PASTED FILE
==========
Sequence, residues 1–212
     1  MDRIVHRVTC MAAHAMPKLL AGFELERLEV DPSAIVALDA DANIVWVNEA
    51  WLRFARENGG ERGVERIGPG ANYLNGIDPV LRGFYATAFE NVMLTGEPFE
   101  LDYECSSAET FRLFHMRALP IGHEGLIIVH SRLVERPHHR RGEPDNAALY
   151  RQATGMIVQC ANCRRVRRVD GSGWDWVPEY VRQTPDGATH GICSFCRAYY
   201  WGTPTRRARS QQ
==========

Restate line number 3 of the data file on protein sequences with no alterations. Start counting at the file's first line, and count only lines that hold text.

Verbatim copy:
    51  WLRFARENGG ERGVERIGPG ANYLNGIDPV LRGFYATAFE NVMLTGEPFE